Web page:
Seattle Central Waterfront, Part 4: From Mosquito Fleet to Ferry System at Colman Dock

  • By Paul Dorpat
  • Posted 5/24/2000
  • Essay 2474

Colman Dock, Pier 52, now the Washington State Ferries terminal at the base of today's Columbia Street, was originally built by Scottish engineer James Colman in 1882 to service the growing regional steamship traffic. Immediately to the north (now an auto-waiting area) stood the Grand Trunk Pacific Pier, built in 1910 and consumed in a tragic fire in 1914. Colman Dock served as the terminal of the Black Ball line before that private enterprise was taken over by Washington State Ferries in 1951.

Colman Dock burned with the rest of Seattle in 1889, but it was quickly rebuilt to handle Puget Sound's swarming "Mosquito Fleet" of private ferries. Colman extended the dock and added a domed waiting room and tower in 1908.

Mistakes Were Made

On the night of April 25, 1912, as the Alameda was approaching the Colman Dock, her captain, John "Dynamite" O'Brien, ordered the ship's engineer to put engines in reverse. Instead he got a "full speed ahead." The effects of the steel-hulled ship ramming the dock were spectacular.

The Colman Dock tower fell into the bay. The Telegraph, a sternwheeler that had been tied to the south side of the dock, went to the bottom. "Miraculously," as the papers reported, no one was injured. At daybreak the floating tower was towed from harm's way, and its clock salvaged. The Telegraph was raised from the bottom to resume her rounds. The dock was promptly reconstructed with a new tower.

Grand Trunk Pacific Dock Fire

The Grand Trunk Pacific dock, located at the foot of Marion Street just north of Colman Dock, was built in 1910 for steamships operated by Canada's second largest railroad. On July 30, 1914, the dock was destroyed in a huge fire of indeterminate cause. The structure, at the time the largest wooden pier on the West Coast, literally exploded into flames, most likely due to the air within the warehouse section reaching flash point from a smaller fire within. Five persons were killed and 29 injured.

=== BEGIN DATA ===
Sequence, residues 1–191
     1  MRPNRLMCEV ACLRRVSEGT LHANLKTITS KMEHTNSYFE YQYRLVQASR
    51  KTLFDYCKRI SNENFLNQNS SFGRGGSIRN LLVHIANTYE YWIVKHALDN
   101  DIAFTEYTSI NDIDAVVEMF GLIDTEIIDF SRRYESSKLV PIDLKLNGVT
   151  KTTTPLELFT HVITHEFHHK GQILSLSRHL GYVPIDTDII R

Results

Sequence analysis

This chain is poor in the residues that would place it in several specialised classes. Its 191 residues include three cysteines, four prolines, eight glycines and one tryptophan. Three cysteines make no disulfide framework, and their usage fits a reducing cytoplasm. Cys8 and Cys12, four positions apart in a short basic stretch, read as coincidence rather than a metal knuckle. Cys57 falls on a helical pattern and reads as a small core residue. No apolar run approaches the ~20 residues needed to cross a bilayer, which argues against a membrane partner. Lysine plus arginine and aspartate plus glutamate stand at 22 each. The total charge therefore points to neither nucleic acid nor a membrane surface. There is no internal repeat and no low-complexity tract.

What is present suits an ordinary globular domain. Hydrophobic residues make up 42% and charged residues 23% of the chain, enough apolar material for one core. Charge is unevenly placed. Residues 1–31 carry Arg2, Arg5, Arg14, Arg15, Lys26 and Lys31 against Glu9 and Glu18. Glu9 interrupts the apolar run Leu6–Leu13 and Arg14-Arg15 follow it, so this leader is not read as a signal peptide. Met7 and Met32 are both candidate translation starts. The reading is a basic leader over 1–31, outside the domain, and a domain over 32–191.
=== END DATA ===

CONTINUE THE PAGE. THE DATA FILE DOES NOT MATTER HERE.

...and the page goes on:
The fire scorched the new tower on Colman Dock. The crews of city's Fire Station No. 5 could only hose down adjacent piers to prevent a worse catastrophe.

The Puget Sound Navigation Company consolidated control of regional ferries in the 1920s under the ensign of the Black Ball Lines. It modernized Colman Dock in the Art Deco style of its signature ferry, the Kalakala.

Following the end of World War II, commuters increasingly chafed under Black Ball's monopoly. In 1951, Washington state took over the ferry system, and in 1961 built the present terminal. New auto waiting areas expanded north into the space once occupied by the Grand Trunk Pacific Pier.

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Clarence B. Bagley, History of Seattle (Chicago: S.J. Clarke Publishing Co., 1916) and History of King County (Chicago: S. J. Clarke Publishing Co., 1929); Richard C. Berner, Seattle in the 20th Century, Vols. 1, 2 & 3 (Seattle: Charles Press, 1991, 1992 & 1999); Padraic Burke, et al., Pioneers and Partnerships: A History of the Port of Seattle (Seattle: Port of Seattle, 1995); Walt Crowley, National Trust Guide: Seattle (New York: Preservation Press, 1998); Paul Dorpat, Seattle Now & Then, Vols. I, II & III (Seattle: Tartu Press, 1984, 1988 & 1989); Edmond S. Meany, History of the State of Washington (New York: MacMillan Company, Publishers, 1950); Murray Morgan, Skid Road (New York: Viking, 1951); David J. Olson, et al., Port in a Storm: An Historical Review of the Founding of the Port of Seattle (Seattle: Port of Seattle, 1970); Roger Sale, Seattle: Past & Present (Seattle: University of Washington Press, 1976); James R. Warren, King County and its Queen City: Seattle (Woodland Hills, CA: Windsor Publications, Inc., 1981).

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